Why Is It Called A Side-by-Side?
As seen earlier, Utility Task Vehicles go by a variety of names. However, there’s one specific name that stands out from the rest - the side-by-side.
The name side-by-side represents the vehicle’s seating arrangement. A typical UTV has about two to six seats that are fixed side by side one another in rows of two. It makes sense.
Are Side-by-Sides Safer Than Quads?
Still, on the topic of safety, it’s worth knowing if the average side-by-side beats the average four-wheeler in terms of safety features. Side-by-sides are generally safer. Here are three primary safety features that UTVs have that ATVs don’t:
1. Center Of Gravity
Side-by-sides are a safer option as far as the center of gravity goes. They often have their payload underneath the tire tops, thereby lowering the center of gravity and providing greater stability.
2. Roll Cage
The solid roll cage design of side-by-sides helps keep you secure in case of an accident. Unfortunately, quads don’t offer this kind of advanced safety feature.
The majority of side-by-sides are structured with enclosed cabs that keep you safe and comfy, no matter how harsh the weather gets. Quads, or ATVs, have an open structure that often exposes you to the elements and road debris and particles.
How Fast Does A UTV Go?
UTVs’ top speed range between 45 mph and 85 mph. The UTV with the highest top speed is the Can-Am Maverick X3 at 85 mph while the slowest is the Arctic Cat Prowler Pro Crew at 55 mph. The average speed of a UTV varies greatly based on the purpose and model of the UTV.
For example, the Polaris RZR or Maverick can easily beat the average utility UTV in a track race. Even though most utility task vehicles aren’t reliable in terms of speed, some can go. If you often drove on off-road trails, your top speed will be slower when compared to when driving on flat grounds.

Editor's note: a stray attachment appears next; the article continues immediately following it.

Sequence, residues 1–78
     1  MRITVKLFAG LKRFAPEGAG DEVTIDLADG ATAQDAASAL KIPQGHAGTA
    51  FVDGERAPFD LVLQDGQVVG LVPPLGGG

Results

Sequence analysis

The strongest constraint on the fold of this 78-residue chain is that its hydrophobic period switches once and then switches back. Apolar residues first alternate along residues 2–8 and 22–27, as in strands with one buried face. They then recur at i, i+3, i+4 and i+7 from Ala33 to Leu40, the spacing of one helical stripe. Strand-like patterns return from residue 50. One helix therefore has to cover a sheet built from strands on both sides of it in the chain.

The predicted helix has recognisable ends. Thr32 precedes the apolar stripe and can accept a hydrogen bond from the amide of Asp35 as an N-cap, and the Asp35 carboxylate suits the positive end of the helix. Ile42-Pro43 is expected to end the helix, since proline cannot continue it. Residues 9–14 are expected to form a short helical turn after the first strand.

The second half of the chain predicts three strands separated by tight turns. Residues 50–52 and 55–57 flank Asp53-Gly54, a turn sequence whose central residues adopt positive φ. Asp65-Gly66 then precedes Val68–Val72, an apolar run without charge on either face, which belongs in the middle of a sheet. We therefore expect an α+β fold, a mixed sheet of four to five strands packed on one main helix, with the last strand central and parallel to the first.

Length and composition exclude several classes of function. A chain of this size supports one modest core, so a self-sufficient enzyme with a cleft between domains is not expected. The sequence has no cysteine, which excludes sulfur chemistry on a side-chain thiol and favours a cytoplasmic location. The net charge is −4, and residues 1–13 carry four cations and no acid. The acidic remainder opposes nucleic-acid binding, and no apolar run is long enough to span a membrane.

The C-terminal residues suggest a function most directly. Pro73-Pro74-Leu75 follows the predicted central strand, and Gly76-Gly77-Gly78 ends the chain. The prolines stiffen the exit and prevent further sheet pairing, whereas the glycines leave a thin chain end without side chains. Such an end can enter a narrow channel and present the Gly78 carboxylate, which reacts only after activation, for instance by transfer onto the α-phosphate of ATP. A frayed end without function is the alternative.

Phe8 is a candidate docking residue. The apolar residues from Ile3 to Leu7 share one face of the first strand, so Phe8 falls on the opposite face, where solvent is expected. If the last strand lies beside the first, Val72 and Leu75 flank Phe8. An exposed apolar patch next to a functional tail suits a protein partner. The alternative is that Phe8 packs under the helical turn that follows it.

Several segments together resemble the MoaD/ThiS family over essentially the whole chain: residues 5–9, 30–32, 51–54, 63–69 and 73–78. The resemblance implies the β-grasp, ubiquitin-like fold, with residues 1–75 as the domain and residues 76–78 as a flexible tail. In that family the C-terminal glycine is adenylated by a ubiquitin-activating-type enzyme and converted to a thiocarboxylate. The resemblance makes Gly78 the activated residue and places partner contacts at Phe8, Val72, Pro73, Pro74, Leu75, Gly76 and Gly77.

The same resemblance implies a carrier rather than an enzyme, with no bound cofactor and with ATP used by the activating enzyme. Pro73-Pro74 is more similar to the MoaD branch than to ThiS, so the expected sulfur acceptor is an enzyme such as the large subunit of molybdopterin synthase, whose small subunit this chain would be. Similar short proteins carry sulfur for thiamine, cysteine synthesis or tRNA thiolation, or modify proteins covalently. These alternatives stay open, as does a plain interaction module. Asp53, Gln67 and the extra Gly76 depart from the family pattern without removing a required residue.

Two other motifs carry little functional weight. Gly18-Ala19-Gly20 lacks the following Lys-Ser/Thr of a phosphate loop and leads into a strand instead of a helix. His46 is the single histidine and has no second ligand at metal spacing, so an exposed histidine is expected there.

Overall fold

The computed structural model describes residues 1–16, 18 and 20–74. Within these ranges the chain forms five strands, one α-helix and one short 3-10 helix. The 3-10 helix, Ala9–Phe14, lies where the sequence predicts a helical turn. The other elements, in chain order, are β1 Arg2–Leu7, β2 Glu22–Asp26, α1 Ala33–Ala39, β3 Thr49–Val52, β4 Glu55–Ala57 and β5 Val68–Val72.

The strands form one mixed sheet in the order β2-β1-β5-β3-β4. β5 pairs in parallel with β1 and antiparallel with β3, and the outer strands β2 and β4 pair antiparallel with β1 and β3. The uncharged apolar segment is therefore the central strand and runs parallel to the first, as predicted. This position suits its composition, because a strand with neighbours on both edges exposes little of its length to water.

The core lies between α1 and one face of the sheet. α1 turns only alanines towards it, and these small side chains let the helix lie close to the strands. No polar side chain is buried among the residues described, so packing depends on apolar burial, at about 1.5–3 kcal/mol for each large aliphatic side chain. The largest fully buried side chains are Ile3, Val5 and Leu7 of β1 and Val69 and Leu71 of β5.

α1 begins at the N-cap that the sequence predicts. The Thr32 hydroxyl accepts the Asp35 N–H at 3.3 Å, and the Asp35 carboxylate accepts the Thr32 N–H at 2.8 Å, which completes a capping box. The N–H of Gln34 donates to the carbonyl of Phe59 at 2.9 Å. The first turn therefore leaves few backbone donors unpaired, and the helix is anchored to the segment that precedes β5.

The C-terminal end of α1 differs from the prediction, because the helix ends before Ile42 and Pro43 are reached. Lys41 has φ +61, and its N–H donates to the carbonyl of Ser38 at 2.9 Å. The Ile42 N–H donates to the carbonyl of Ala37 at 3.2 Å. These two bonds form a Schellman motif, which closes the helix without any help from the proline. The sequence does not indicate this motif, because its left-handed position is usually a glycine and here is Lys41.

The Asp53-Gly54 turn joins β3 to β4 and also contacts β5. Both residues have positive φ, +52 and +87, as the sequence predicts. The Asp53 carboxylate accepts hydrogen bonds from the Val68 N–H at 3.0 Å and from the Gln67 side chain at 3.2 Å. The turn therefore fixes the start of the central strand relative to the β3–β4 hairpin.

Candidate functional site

It’s important to note that the weight of the UTV does not affect its speed in any way. It all has to do with the engine model. If you’re curious about the weight of the Polaris RZR, though, read How Much Does Polaris RZR Weigh?
How Much Can A Side-by-Side Tow?
The last thing you want to do is unknowingly damage your UTV by overburdening it with excessive weights. Since different models have their towing capacities, you must find out yours and stick to it. The towing capacity of a side-by-side is often determined by its weight as well. The lighter it is, the lower the towing capacity.
The Can-am commander, for example, weighs 1291 pounds and tows a total weight of 1500 pounds. On the other hand, the CAN-AM defender weighs 1550 pounds and can tow up to 2,000 pounds.
When looking at your desired side-by-side vehicle specifications, focus on the weight aspect more than anything else. The weights of different models are either listed as dry weight or wet weight. Dry weight refers to the frame’s weight when the tank is empty, while wet weight includes a full gas tank.
Do You Need A License To Drive A UTV?